Glacier FarmMedia COVID-19 & the Farm

Klassen: Limited harvest progress weighs on feeder cattle

(Photo courtesy Canada Beef Inc.)

Compared to last week, western Canadian feeder cattle markets were down $2 to as much as $8 in some cases. A fortuitous bounce in the barley market resulted in a softer tone for replacement cattle.

It appears that the Canadian barley crop will be smaller than earlier anticipated and some of the crop will likely remain in the field over the winter. Lethbridge-area barley prices were quoted from $210 to as high as $220 per tonne delivered last week, up from the range of $190-$200 per tonne during the last week of September.

Adverse weather also contributed to the softer tone, especially on unweaned and unvaccinated calves. The market continues to incorporate a risk discount with buyers factoring in higher deathloss. Feedlot pen conditions across Alberta are very poor after the wet snow and ongoing rains. Feedlot operators are also struggling to finish up corn silage. After a widespread hail storm during the summer, southern Alberta silage costs are rising, adding to the cost per pound gain.

All these factors are coming on the heels of negative feeding margins throughout the summer period.

Yearlings held up in Alberta but were notably lower in Saskatchewan and Manitoba. In central Alberta, mixed medium- to larger-frame with lighter flesh levels averaging just over 900 lbs. were valued at $194 and similar quality heifers weighing 940 lbs. were quoted at $170. In central Saskatchewan, medium- to larger-frame black fleshier steers weighing 920 lbs. were quoted at $185.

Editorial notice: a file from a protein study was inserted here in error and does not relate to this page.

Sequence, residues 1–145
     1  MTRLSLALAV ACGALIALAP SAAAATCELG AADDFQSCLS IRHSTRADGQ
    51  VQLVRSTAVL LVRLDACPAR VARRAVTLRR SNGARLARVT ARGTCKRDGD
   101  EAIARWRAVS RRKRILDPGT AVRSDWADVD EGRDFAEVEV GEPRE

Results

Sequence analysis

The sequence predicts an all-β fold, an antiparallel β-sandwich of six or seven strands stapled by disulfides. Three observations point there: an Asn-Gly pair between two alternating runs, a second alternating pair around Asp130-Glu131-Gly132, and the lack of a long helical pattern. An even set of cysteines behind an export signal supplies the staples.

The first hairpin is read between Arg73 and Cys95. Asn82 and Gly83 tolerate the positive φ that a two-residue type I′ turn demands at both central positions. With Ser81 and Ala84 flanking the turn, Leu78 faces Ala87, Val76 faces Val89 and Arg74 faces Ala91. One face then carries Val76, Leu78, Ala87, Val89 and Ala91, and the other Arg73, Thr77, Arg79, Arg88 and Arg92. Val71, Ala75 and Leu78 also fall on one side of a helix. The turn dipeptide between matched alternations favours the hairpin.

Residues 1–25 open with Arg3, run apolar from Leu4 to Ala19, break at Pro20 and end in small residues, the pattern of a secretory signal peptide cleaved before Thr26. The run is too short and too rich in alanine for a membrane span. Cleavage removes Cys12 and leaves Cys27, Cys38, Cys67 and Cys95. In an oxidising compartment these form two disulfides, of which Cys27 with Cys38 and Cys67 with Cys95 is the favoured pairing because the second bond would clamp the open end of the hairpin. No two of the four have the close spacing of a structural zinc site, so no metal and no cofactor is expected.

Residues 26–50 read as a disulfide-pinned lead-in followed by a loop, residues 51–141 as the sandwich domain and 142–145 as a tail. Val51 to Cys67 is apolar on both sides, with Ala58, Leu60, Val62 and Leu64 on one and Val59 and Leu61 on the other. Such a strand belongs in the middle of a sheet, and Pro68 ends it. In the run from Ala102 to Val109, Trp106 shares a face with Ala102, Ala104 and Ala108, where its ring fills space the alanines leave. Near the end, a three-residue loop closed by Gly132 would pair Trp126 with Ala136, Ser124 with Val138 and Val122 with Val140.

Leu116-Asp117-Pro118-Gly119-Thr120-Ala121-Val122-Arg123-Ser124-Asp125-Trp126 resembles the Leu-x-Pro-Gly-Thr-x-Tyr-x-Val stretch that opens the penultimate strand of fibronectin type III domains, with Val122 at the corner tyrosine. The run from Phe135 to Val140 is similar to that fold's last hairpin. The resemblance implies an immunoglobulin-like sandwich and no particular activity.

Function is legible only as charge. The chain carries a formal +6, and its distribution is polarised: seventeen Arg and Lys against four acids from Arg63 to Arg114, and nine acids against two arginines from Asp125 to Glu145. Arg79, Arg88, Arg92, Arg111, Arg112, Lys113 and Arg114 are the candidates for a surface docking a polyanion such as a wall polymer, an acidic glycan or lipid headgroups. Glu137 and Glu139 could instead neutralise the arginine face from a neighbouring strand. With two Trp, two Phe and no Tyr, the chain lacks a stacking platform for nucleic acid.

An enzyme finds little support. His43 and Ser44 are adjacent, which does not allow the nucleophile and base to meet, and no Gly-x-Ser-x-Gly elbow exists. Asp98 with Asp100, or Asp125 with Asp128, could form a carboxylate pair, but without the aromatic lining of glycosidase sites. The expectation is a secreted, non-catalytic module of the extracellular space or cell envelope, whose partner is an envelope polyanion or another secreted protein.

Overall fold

Many auction barns held feature calf sales last week in eastern Alberta and Saskatchewan. In southern Saskatchewan, Charolais-based semi weaned calves weighing 610 lbs. were quoted at $215 while Hereford blended heifers averaging 655 lbs. were valued at $183. In central Alberta, vaccinated tan mixed steers weighing 610 lbs. were quoted at $217 while similar-quality heifers weighing 640 lbs. were valued at $190. Southern Alberta feedlot demand for calves was quiet; unweaned bawlers without shots were discounted accordingly.

One bright spot in the cattle complex is that April live cattle futures are now up over $11 from the contract lows. The U.S. Department of Agriculture lowered its first-quarter beef production estimate on last week’s WASDE report.

— Jerry Klassen manages the Canadian office of Swiss-based grain trader GAP SA Grains and Produits Ltd. and is president and founder of Resilient Capital, specializing in proprietary commodity futures trading and market analysis. Jerry consults with feedlots on risk management and writes a weekly cattle market commentary. He can be reached at 204-504-8339 or via his website at

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